For very reluctant learners, the student, parents, guidance counselor, and principal meet to develop an individualized contract for success, designed to help the student succeed by articulating explicit responsibilities for teachers, the parent, and the student. For students who don’t come to school, we shortened the timelines that result in administrative action, require parents and students to participate in attendance conferences that culminate in an attendance action plan, and use a system of incentives and consequences to encourage students to report to school daily and on time. For the most serious cases, we file truancy charges and take the parents to court. For all students, we raised the stakes by requiring students who do not pass their major core classes (math, science, language arts, social studies) to complete the course during summer school in order to move up to the next grade. Eighth graders who do not pass their courses are not permitted to participate in the promotion ceremony and graduation activities.

Improved Achievement
Students of all ability levels benefited from the two changes that most significantly support improved student achievement. First, we upgraded our student database to include an automated system that immediately informs parents of every grade a child earns that is less than 70 percent. These “e-alerts” allow parents to monitor their child’s performance and address missing assignments and low test grades. Parents and students receive passwords and training that allow them to review the data in each teacher’s electronic grade book at any time. Second, all students have an opportunity to submit missed homework assignments the next day for partial credit and receive up to three days to retake a failed assessment for a maximum score of 70 percent. Teachers initially did not like this idea, but they came to see the benefit of providing students with multiple opportunities to learn and to demonstrate their achievement. They accepted the philosophy that because we want students to learn and the assignments are worthy, then we shouldn’t accept zeros or walk away from students who didn’t learn.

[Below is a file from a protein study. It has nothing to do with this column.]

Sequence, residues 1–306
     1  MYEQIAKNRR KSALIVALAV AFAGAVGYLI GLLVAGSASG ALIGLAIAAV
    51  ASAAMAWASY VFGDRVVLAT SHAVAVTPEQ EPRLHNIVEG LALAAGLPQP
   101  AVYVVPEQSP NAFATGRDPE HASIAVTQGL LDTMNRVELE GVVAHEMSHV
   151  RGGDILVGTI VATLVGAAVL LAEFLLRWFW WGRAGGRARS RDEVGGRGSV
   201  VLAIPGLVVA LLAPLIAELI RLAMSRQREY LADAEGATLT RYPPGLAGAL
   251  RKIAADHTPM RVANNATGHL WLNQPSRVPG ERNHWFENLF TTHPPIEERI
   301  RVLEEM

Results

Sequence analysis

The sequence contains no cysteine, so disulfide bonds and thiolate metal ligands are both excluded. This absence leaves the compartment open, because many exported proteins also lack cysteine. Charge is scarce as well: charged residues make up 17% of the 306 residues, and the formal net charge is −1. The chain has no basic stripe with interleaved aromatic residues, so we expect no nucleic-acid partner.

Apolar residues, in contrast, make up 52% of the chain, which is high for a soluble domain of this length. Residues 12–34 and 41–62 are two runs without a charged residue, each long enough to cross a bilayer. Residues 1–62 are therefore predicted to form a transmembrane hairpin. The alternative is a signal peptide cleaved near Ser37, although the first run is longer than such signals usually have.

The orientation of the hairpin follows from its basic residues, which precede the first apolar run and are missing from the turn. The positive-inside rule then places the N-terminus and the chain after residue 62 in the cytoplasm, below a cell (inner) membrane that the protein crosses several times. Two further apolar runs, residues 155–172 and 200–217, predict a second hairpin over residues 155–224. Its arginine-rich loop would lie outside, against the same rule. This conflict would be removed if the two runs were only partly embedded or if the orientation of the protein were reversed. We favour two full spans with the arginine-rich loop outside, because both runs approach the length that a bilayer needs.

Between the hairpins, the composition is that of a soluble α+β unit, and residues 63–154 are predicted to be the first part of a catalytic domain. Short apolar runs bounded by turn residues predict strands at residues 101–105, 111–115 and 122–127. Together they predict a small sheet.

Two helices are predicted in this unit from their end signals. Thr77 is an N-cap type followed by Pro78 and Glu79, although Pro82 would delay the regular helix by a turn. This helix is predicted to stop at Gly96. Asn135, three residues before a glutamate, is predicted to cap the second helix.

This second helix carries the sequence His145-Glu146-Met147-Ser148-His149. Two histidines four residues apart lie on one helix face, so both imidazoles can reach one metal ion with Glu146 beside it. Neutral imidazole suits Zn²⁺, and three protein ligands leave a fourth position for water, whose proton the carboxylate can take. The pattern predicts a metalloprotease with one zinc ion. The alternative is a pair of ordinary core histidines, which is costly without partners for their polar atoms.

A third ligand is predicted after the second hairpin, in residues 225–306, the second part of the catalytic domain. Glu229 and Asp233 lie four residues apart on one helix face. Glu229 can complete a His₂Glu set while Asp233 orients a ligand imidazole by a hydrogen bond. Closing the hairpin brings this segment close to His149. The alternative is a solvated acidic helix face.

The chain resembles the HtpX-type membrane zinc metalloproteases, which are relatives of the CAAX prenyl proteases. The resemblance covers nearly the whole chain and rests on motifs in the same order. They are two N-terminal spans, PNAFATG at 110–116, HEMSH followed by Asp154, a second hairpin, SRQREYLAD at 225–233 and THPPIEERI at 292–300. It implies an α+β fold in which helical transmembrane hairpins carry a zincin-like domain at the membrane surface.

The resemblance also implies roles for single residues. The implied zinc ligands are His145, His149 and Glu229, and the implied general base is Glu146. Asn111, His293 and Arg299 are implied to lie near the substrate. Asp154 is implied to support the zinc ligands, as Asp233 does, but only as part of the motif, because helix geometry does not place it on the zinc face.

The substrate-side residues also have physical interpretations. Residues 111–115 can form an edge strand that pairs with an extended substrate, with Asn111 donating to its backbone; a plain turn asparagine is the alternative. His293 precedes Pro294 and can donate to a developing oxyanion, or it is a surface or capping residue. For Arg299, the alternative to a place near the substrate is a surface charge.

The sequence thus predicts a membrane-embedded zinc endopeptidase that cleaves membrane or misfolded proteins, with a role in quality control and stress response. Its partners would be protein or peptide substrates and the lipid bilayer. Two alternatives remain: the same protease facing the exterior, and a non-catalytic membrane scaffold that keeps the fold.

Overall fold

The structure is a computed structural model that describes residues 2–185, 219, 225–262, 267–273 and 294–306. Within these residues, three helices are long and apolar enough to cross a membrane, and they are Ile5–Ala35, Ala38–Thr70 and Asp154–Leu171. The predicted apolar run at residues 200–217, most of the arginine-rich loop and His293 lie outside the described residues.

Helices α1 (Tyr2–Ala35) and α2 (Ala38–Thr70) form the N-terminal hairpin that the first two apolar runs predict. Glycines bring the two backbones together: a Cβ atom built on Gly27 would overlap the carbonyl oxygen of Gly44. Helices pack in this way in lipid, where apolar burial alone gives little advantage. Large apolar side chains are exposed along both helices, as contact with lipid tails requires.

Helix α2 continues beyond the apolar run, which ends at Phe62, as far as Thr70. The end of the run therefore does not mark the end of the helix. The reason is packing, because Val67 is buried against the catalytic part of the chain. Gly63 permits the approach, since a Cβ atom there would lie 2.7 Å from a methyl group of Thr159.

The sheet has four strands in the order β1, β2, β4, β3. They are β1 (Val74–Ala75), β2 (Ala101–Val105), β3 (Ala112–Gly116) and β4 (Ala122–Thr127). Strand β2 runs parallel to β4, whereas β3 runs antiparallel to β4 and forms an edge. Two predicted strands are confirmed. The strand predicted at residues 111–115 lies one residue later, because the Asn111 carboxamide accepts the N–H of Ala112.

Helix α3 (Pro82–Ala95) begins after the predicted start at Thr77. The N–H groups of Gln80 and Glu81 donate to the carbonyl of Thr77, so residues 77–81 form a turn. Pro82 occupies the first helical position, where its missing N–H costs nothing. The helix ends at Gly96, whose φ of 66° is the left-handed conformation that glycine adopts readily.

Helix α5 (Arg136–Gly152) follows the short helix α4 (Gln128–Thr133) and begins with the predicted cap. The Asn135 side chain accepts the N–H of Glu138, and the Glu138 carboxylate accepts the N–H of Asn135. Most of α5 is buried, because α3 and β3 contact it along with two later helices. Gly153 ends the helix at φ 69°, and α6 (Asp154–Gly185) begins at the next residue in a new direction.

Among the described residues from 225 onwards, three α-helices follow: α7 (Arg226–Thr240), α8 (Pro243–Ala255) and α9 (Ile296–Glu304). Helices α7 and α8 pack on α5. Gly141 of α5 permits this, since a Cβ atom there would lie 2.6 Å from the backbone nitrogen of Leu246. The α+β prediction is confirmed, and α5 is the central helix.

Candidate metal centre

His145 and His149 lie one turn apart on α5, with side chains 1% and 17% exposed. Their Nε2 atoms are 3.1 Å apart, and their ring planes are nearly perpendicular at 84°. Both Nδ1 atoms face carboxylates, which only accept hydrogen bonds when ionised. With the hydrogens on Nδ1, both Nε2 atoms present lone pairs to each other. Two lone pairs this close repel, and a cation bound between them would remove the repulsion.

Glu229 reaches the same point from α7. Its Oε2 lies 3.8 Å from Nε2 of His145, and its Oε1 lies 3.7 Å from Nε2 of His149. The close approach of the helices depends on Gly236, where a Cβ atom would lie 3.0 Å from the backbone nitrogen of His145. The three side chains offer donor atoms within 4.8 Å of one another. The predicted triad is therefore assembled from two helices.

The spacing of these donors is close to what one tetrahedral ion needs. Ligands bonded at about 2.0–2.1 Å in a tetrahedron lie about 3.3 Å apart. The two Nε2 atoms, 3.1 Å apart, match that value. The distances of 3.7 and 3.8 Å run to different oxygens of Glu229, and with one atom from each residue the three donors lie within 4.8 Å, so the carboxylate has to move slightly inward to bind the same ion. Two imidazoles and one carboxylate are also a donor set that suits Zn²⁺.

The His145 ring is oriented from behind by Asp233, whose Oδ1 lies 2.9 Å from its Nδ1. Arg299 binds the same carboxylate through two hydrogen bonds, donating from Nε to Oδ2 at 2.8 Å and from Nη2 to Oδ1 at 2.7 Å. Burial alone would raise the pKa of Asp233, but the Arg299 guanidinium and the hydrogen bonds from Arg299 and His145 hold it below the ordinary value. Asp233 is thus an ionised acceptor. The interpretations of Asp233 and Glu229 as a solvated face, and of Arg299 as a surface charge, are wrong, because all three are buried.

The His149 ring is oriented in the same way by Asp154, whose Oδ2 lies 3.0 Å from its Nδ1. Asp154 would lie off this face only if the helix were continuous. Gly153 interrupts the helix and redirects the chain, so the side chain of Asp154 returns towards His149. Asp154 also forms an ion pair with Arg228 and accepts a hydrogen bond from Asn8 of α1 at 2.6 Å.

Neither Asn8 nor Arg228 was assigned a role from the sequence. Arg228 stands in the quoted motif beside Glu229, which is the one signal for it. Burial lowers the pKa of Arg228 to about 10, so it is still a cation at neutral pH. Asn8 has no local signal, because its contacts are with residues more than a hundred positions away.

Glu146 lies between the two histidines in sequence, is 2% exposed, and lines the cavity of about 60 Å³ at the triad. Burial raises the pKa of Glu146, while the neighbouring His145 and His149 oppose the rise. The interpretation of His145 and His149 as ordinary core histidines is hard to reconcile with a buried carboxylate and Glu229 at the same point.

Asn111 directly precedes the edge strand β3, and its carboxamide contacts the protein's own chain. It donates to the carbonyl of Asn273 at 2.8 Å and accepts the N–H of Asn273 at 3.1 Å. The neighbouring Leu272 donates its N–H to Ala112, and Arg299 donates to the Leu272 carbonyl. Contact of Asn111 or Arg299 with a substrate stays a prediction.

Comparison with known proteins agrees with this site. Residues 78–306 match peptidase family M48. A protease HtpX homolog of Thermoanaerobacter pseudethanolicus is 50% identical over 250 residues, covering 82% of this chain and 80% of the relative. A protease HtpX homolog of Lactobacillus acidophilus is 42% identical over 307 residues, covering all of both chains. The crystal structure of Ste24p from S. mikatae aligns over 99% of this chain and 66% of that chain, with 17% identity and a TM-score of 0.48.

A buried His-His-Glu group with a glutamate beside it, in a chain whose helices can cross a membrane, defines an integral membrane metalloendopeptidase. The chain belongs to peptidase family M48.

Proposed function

These interventions far exceeded our expectations. In a comparison of students’ grades from 2009–2010 to 2010–2011, the number of grades below 70 percent dropped 81 percent in sixth grade, 54 percent in seventh grade, and 45 percent in eighth grade. Overall, the total number of grades below 70 percent earned throughout 2010–2011 by the entire population of 1,134 students plummeted from 2,132 to 863—a remarkable decrease of 59.5 percent. A cohort analysis reveals similarly impressive results. The number of grades below 70 percent earned by sixth graders who moved to seventh grade declined by one third and the number of grades below 70 percent earned by seventh graders who moved to eighth grade decreased by 42 percent.

While we predicted the decrease in failing grades, we did not anticipate the startling increase in the number of students who earned honor roll and high honor roll. The honor roll list for students who moved from sixth grade to seventh grade increased by 49 percent and by 24 percent for students who moved from seventh grade to eighth grade. The number of students who earned honor roll or high honor roll grew each quarter for each grade level.

Of all the results achieved by the change in the passing benchmark and our decision to do whatever it takes to help students succeed, the one that is most meaningful to me is the reduction in the number of students who failed a major core course for the school year. In a year-to-year comparison, the number of sixth graders who failed a major subject fell from 66 to 1, the number of seventh graders decreased from 71 to 22, and the number of eighth graders declined from 70 to 16. Together, this represents an unprecedented decrease of 81 percent, from 207 students to 39. Failure is no longer an option.

Tracey Severns is principal of Mount Olive Middle School in Budd Lake, New Jersey.